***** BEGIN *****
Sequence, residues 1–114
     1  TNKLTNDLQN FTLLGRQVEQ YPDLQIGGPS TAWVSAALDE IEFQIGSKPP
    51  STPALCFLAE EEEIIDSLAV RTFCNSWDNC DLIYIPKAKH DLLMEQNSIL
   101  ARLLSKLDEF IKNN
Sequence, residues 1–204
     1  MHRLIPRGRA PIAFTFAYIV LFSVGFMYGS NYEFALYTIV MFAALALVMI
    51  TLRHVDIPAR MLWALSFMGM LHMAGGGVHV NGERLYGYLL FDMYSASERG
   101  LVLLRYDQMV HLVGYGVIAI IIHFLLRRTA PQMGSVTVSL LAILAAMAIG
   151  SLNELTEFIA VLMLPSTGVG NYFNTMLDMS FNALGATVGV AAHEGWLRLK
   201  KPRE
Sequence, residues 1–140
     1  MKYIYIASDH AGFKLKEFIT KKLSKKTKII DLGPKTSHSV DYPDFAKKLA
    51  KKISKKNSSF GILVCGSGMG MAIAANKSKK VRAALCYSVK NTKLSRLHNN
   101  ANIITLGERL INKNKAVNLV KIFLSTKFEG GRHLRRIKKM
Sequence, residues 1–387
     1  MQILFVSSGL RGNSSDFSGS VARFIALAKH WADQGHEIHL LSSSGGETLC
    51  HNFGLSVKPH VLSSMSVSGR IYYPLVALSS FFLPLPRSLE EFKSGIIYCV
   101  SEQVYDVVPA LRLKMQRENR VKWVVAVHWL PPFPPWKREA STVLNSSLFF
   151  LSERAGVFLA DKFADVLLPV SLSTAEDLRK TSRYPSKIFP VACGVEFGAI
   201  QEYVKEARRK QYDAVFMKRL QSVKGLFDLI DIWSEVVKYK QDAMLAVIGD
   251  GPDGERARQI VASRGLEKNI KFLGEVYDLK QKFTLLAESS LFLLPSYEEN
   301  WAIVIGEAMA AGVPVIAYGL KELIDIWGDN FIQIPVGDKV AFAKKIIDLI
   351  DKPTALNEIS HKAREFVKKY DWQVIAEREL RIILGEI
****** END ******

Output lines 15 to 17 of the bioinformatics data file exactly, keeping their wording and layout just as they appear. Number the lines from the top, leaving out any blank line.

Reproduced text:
Sequence, residues 1–387
     1  MQILFVSSGL RGNSSDFSGS VARFIALAKH WADQGHEIHL LSSSGGETLC
    51  HNFGLSVKPH VLSSMSVSGR IYYPLVALSS FFLPLPRSLE EFKSGIIYCV